# How should the learning rate change as the batch size change?

Machine LearningDeep Learning## Machine Learning Problem Overview

When I increase/decrease batch size of the mini-batch used in SGD, should I change learning rate? If so, then how?

For reference, I was discussing with someone, and it was said that, when batch size is increased, the learning rate should be decreased by some extent.

My understanding is when I increase batch size, computed average gradient will be less noisy and so I either keep same learning rate or increase it.

Also, if I use an adaptive learning rate optimizer, like Adam or RMSProp, then I guess I can leave learning rate untouched.

Please correct me if I am mistaken and give any insight on this.

## Machine Learning Solutions

## Solution 1 - Machine Learning

Theory suggests that when multiplying the batch size by k, one should multiply the learning rate by sqrt(k) to keep the variance in the gradient expectation constant. See page 5 at *A. Krizhevsky. One weird trick for parallelizing convolutional neural networks*: https://arxiv.org/abs/1404.5997

However, recent experiments with large mini-batches suggest for a simpler linear scaling rule, i.e multiply your learning rate by k when using mini-batch size of kN.
See *P.Goyal et al.: Accurate, Large Minibatch SGD: Training ImageNet in 1 Hour* https://arxiv.org/abs/1706.02677

I would say that with using Adam, Adagrad and other adaptive optimizers, learning rate may remain the same if batch size does not change substantially.

## Solution 2 - Machine Learning

### Learning Rate Scaling for Dummies

I've always found the heuristics which seem to vary somewhere between scale with the square root of the batch size and the batch size to be a bit hand-wavy and fluffy, as is often the case in Deep Learning. Hence I devised my own theoretical framework to answer this question. If you are interested the full pre-print is here (currently under review) https://arxiv.org/abs/2006.09092

##### Learning Rate is a function of the Largest Eigenvalue

Let me start with two small sub-questions, which answer the main question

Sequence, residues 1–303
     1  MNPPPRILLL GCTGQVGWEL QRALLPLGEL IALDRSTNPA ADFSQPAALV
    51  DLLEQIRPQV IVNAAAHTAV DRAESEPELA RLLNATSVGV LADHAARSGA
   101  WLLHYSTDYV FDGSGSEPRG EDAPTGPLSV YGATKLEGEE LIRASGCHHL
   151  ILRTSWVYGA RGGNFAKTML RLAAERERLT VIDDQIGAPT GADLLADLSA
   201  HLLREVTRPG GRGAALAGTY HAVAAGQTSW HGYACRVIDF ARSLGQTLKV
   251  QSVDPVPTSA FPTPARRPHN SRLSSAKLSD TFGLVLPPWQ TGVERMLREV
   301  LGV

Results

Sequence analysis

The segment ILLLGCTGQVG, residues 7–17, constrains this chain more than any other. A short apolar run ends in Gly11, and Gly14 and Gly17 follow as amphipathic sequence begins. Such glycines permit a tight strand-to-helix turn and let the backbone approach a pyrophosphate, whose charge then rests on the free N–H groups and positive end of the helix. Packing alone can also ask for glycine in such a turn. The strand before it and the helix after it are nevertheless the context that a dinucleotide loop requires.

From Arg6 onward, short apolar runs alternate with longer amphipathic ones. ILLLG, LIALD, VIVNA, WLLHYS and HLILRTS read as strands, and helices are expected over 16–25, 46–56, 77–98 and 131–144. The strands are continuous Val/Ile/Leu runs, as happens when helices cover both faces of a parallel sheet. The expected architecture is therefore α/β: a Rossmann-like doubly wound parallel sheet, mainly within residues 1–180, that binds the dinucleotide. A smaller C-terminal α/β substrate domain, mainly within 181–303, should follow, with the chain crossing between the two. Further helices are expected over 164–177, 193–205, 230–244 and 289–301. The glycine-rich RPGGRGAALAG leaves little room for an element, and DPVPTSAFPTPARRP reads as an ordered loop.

- Are there any cases where we can a priori know the optimal learning rate?

*Yes, for the convex quadratic, the optimal learning rate is given as 2/(λ+μ), where λ,μ represent the largest and smallest eigenvalues of the Hessian (Hessian = the second derivative of the loss ∇∇L, which is a matrix) respectively.*

- How do we expect these eigenvalues (which represent how much the loss changes along a infinitesimal move in the direction of the eigenvectors) to change as a function of batch size?

This is actually a little more tricky to answer (it is what I made the theory for in the first place), but it goes something like this.

Let us imagine that we have all the data and that would give us the full Hessian H. But now instead we only sub-sample this Hessian so we use a batch Hessian B. We can simply re-write B=H+(B-H)=H+E. Where E is now some error or fluctuation matrix.

Under some technical assumptions on the nature of the elements of E, we can assume this fluctations to be a zero mean random matrix and so the Batch Hessian becomes a fixed matrix + a random matrix.

For this model, the change in eigenvalues (which determines how large the learning rate can be) is known. *In my paper there is another more fancy model, but the answer is more or less the same.*

##### What actually happens? Experiments and Scaling Rules

I attach a plot of what happens in the case that the largest eigenvalue from the full data matrix is far outside that of the noise matrix (usually the case). As we increase the mini-batch size, the size of the noise matrix decreases and so the largest eigenvalue also decreases in size, hence larger learning rates can be used. This effect is initially proportional and continues to be approximately proportional until a threshold after which no appreciable decrease happens.

How well does this hold in practice? The answer as shown below in my plot on the VGG-16 without batch norm (see paper for batch normalisation and resnets), is very well.

I would hasten to add that for adaptive order methods, the argument is a little different because you have an interplay of the eigenvalues, the estimated eigenvalues and the estimated eigenvectors! so you actually end up getting a square root rule up till a threshold. Quite why nobody is discussing this or has published this result is honestly a little beyond me.

But if you want my practical advice, stick with SGD and just go proportional to the increase in batch size if your batch size is small and then don't increase it beyond a certain point.

## Solution 3 - Machine Learning

Apart from the papers mentioned in Dmytro's answer, you can refer to the article of: Jastrzębski, S., Kenton, Z., Arpit, D., Ballas, N., Fischer, A., Bengio, Y., & Storkey, A. (2018, October). Width of Minima Reached by Stochastic Gradient Descent is Influenced by Learning Rate to Batch Size Ratio. The authors give the mathematical and empirical foundation to the idea that the ratio of learning rate to batch size influences the generalization capacity of DNN. They show that this ratio plays a major role in the width of the minima found by SGD. The higher ratio the wider is minima and better generalization.